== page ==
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How I setup my website with Astro
Ditching NextJS, using MDX & more...

1. Introduction

I had previously written my website using NextJS. However, the lack of proper MDX support (At the time of writing, NextJS 13.4.10 had experimental support for MDX) was not ideal.

    /** @type {import('next').NextConfig} */
    const nextConfig = {
      experimental: {
        mdxRs: true,

    const withMDX = require("@next/mdx")();
    module.exports = withMDX(nextConfig);

I had heard great things about Astro, and the docs were a lot more oriented towards hosting / managing content, so this was a great opportunity for me to learn a new framework.

2. Getting Started

The first step is setting up an Astro project - with npm create astro@latest. Reading about the project structure was also helpful.
The basics

  • content: Contains all the blogs or whatever docs to host on the website.
  • pages: Contains all the routes. Similar to the pages folder in NextJS.
  • layouts: The base structure for the blog / home page. For now I just have a Layout.astro, but having a custom Blog.astro file can give a unique and consistent look for the blog pages.

3. Customizing

The next step was figuring out the blog should look like. I went with a brief description + some of my projects + a blog section to start with. To keep things simple, I just have a / page for my website + pages for the blog entries.

4. Writing blogs

Astro is really good at handling MDX, so writing blogs is as simple a creating a (markdown) entry in the content/blog folder. Its is recommended to a config.ts. This is so that Astro can understand the content - i.e content collections.

This way, different content types like blogs, newsletters, projects etc., can have a different structure. For example, this is my blog content structure

  // zod!
  import { z, defineCollection } from "astro:content";

  // define what properties a blog should have
  const blog = defineCollection({
    type: "content",
    schema: z.object({
      title: z.string(),
      date: z.string(),
      description: z.string(),
      isDraft: z.boolean().optional().default(false),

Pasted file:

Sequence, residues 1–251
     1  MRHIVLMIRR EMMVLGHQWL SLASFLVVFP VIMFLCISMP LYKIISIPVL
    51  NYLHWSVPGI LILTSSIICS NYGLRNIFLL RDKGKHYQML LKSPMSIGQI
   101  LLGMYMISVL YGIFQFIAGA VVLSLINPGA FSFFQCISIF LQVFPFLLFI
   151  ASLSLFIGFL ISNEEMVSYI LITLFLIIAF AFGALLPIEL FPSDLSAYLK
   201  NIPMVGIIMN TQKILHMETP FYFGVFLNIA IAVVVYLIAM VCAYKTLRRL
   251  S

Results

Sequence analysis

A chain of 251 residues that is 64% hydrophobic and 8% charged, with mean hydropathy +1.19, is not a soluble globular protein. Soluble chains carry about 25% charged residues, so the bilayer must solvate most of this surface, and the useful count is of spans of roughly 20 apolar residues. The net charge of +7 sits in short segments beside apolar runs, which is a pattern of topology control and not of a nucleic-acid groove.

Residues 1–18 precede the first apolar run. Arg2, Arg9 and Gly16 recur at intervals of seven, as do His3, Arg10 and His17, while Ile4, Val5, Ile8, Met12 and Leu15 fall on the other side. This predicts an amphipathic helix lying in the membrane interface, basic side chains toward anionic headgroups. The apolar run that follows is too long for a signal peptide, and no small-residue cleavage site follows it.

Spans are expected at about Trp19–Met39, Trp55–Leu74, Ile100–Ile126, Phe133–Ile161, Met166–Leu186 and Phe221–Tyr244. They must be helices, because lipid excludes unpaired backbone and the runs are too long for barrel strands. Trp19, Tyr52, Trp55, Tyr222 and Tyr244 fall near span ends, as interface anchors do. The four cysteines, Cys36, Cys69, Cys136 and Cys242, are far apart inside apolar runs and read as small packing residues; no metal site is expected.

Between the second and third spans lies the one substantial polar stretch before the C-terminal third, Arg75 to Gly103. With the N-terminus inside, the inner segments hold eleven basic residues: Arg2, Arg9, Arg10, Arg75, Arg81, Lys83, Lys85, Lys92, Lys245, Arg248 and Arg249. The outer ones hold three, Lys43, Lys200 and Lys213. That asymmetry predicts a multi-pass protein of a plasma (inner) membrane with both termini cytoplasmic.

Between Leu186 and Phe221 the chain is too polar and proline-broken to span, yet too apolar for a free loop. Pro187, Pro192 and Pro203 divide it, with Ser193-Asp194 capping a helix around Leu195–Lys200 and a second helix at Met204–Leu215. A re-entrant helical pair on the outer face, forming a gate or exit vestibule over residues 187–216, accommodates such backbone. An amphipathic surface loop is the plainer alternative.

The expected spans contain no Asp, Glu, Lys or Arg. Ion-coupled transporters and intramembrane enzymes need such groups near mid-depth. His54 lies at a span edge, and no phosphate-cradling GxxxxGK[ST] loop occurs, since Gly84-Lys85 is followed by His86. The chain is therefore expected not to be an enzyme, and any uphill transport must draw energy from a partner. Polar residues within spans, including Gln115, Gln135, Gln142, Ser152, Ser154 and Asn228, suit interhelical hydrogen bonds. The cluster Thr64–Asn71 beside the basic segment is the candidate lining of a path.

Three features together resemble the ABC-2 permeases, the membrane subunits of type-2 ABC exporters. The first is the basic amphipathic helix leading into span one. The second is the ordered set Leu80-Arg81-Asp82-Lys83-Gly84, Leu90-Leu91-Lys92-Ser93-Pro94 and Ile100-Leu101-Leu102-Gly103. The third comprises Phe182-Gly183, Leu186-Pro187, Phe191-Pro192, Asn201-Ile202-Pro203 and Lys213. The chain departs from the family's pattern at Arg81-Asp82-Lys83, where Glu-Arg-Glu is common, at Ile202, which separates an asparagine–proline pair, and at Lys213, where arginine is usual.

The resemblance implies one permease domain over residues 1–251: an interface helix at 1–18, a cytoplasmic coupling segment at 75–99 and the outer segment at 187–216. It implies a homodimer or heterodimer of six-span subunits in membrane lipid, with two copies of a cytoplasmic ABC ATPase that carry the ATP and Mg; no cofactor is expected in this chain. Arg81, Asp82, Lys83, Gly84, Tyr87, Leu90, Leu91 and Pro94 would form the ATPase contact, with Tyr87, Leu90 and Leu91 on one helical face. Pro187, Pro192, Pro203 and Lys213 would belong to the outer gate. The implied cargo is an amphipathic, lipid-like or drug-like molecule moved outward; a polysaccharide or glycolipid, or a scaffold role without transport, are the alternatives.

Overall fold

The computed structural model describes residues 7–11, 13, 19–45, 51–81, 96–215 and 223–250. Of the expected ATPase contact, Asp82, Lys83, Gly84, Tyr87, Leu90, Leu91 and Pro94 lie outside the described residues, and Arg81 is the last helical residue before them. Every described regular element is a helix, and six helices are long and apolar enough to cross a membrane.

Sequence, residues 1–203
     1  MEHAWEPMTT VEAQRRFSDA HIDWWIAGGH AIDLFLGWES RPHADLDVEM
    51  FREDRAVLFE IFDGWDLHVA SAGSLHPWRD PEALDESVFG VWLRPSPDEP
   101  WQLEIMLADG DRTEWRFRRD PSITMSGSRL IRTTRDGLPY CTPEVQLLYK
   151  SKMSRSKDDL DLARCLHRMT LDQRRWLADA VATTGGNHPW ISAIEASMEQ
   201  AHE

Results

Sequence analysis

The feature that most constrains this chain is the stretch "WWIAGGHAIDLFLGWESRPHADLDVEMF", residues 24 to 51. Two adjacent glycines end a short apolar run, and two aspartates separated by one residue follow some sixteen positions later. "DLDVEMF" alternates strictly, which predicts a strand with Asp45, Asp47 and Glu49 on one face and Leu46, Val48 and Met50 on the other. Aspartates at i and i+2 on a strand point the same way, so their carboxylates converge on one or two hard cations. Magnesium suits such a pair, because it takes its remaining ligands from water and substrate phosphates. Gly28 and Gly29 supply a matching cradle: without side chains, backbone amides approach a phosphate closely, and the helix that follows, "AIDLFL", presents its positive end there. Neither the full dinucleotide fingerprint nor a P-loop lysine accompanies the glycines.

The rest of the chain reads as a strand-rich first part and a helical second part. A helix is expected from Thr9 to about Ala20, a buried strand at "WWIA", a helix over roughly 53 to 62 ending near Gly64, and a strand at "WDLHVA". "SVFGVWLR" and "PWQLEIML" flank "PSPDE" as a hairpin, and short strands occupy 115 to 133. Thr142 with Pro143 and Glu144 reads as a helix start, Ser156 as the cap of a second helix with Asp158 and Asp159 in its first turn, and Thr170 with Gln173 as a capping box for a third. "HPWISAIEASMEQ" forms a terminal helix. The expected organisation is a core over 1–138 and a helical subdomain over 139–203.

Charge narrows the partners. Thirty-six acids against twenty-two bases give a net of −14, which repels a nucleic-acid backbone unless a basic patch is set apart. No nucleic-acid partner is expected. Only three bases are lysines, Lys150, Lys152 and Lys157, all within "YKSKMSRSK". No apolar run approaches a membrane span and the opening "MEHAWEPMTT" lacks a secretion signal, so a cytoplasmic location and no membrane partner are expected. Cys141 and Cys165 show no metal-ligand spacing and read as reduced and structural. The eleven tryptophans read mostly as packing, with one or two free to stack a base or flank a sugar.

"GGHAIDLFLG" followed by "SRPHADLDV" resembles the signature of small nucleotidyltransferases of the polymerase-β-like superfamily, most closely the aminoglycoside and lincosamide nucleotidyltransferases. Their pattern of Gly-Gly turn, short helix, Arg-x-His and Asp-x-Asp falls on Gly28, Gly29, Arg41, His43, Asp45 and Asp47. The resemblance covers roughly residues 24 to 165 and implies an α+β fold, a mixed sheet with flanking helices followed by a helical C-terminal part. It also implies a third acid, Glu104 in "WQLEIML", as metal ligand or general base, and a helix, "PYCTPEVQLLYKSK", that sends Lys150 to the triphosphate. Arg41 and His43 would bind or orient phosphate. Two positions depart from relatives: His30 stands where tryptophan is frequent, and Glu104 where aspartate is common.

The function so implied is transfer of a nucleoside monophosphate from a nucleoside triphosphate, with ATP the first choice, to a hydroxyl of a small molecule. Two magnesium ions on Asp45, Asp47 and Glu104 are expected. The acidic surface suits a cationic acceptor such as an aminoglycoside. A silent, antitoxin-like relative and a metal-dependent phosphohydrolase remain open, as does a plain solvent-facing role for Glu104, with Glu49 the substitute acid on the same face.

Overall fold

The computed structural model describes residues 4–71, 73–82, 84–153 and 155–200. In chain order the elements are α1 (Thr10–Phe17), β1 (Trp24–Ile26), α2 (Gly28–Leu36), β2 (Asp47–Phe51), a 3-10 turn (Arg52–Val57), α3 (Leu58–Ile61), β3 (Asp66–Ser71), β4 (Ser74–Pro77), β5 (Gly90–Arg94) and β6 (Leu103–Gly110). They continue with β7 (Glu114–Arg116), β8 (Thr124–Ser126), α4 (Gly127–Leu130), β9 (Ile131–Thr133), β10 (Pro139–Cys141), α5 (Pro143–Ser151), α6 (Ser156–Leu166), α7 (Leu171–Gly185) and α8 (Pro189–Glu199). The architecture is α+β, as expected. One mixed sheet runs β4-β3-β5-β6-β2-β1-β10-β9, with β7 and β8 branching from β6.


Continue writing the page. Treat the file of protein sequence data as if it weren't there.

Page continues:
// add more collections and export!
  export const collections = {

Defining the structure of a blog helps to do a some cool stuff:

  • if isDraft is set to true, the blogs can be hidden until they’re done
  • order blogs based on the date

This can be done by extracting the props in the BlogRow.astro page.

  const {
    post: {
      data: { title, date, isDraft },
  } = Astro.props;

For example, when rendering the list of blogs

  • Create a component that shows the blog title + date. This is BlogRow.astro in my case.
  • Extract the props like above, and use them to filter or alter the way the blog is displayed.

In the main index.astro, each blog is rendered like it was any react component. The props are the ones defined in the Blog Schema (hence its importance).

  const blogs = await getCollection("blog")

    {blogs.map((post) => <BlogRow {post} />)}

5. Deploying


Anything more is overkill for just starting off. I bought my domain off Google Domains (RIP), but will switch to [Cloudflare](https://www.cloudflare.com/products/registrar/) soon.

Closing Thoughts

I really liked my first foray into the Astro ecosystem

  • its stable, and there is a developed ecosystem around markdown support
  • its API’s are intuitive and easy to use

I will be using Astro from here on for static sites.

Thanks for reading! Want to read more like this? Read CLI-mbing to sucess
Source code for my website here.